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Conductive Hearing Loss

A conductive hearing loss occurs when there is a blockage or damage in the outer or middle ear. Sometimes the problem is temporary and treatable, for example when there is wax in the outer ear. Otitis media means the middle ear is infected and the ossicles or tiny bones in the middle ear are unable to function properly and the ear drum will not pass sound in the form of vibrations to the middle ear effectively. Otitis media can be short lived (acute) or longterm (chronic) and may occur with effusion – often then called “glue ear”. This is particularly common in children and can cause difficulties in learning to talk and at school. It may be treated by insertion of a grommet into the ear drum and the draining of the fluid in the middle ear to enable the infection to clear up. Hearing aids or bone-anchored hearing implant will be recommended in ongoing cases.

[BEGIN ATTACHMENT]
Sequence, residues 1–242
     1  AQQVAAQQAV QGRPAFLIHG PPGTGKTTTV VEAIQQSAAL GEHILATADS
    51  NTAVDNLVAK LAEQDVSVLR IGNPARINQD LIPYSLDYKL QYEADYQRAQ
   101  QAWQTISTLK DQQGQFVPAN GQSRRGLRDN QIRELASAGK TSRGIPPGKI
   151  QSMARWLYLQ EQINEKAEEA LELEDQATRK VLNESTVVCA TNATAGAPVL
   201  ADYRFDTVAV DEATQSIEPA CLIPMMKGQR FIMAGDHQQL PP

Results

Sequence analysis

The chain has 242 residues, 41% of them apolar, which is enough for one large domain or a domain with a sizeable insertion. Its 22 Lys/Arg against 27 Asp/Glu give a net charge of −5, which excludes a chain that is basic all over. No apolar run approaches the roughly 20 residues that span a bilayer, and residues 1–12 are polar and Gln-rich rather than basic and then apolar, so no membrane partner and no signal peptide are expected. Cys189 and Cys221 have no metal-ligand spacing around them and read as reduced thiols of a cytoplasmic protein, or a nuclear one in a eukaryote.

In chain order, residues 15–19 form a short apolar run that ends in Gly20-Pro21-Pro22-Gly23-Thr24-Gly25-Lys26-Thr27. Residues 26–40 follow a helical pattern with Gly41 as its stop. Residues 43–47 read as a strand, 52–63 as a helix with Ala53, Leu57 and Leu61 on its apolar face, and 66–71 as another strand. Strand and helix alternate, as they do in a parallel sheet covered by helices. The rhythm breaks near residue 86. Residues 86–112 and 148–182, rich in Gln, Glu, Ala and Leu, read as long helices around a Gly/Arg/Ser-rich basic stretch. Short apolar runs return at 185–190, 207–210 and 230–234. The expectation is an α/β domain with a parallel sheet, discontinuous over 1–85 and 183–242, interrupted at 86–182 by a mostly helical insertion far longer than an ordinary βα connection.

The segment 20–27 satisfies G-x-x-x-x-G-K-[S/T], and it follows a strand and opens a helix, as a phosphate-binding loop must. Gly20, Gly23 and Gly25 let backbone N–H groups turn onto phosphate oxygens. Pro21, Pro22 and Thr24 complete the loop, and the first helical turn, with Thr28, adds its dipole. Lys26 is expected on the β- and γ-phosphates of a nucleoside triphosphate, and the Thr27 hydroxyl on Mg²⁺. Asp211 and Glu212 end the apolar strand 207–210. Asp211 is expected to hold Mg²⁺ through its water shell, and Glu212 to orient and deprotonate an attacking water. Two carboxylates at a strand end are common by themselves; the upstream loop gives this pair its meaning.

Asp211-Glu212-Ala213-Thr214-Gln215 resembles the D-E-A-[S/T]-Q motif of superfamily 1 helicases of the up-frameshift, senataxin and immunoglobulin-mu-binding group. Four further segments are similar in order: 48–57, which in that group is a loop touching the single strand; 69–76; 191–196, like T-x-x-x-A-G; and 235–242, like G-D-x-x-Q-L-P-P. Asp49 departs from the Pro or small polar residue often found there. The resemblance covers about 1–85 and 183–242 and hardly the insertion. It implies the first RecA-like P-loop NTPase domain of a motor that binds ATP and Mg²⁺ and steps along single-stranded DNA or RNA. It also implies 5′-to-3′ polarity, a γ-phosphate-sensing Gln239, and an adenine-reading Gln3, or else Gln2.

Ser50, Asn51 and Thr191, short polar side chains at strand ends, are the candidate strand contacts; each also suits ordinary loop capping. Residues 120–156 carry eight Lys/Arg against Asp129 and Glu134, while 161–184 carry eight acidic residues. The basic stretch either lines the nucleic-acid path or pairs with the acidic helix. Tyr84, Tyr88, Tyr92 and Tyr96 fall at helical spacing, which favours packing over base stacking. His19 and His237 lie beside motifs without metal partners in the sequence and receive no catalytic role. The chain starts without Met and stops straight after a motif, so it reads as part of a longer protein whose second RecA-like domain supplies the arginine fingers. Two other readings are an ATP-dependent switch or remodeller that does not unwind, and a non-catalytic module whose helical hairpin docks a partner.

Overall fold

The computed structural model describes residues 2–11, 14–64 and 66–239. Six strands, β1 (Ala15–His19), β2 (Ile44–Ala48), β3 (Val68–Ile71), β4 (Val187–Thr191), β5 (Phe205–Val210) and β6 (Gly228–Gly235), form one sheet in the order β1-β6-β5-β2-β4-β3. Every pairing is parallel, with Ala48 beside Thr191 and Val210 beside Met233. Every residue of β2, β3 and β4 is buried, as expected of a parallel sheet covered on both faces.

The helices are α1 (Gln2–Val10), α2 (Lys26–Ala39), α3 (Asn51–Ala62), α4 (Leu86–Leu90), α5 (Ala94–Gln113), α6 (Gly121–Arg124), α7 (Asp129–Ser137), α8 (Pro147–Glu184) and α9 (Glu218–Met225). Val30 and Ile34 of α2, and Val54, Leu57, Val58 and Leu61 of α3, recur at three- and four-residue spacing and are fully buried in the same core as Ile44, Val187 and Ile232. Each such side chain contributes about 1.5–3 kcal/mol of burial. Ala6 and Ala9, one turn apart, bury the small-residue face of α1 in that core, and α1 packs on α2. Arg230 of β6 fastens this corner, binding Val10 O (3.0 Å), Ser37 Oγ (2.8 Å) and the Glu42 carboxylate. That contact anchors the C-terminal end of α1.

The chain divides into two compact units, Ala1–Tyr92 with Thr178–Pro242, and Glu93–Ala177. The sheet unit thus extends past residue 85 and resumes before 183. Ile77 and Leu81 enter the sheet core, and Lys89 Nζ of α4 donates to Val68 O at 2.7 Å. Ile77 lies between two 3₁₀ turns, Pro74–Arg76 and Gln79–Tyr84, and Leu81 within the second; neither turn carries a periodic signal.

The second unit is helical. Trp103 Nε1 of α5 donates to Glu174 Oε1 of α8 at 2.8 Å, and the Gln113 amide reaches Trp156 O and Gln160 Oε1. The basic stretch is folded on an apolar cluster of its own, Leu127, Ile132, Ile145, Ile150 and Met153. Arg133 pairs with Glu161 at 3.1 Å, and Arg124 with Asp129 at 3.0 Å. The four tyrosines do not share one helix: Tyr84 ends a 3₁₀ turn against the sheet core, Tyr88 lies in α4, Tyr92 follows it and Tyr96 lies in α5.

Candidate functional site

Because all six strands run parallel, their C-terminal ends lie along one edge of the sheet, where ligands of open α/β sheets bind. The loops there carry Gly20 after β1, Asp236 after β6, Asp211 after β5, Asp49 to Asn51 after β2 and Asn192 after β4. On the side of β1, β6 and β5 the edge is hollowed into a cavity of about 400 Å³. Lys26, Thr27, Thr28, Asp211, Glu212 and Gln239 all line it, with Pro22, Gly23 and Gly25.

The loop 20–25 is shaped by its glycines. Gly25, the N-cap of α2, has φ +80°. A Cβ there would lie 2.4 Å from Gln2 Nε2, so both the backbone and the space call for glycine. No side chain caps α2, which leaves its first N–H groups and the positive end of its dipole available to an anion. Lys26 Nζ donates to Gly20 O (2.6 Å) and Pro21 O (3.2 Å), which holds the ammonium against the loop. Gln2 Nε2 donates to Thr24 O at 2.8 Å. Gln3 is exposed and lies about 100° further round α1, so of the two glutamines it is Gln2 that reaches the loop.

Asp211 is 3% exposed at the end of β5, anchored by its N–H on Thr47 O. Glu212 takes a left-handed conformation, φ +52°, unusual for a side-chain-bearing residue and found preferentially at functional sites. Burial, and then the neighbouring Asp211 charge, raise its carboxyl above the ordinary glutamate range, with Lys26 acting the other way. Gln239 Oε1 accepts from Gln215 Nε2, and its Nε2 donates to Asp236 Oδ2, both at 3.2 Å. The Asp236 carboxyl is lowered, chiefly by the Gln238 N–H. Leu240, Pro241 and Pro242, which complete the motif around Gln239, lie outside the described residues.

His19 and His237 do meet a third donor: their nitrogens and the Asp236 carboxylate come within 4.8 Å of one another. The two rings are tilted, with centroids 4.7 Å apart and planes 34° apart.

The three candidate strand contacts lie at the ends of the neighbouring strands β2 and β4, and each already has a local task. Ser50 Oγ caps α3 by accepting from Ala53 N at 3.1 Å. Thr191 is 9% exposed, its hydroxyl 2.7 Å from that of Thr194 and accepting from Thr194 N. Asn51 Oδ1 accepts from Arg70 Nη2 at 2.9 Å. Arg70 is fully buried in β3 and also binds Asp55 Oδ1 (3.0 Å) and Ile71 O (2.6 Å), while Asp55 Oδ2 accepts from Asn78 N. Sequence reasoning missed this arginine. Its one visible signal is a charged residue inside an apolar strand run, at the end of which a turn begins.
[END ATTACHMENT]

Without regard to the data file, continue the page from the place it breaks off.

Conductive hearing losses could be caused by:

  • middle ear disease
  • perforation (hole) of the ear drum
  • collapsed or very narrow ear canals
  • atresia/microtia – a malformation of the ear canal or outer ear
  • long standing glue ear
  • otosclerosis – fusing of bones in the middle ear
  • ongoing or chronic ear infections
  • syndromes – such as Down syndrome and Treacher Collins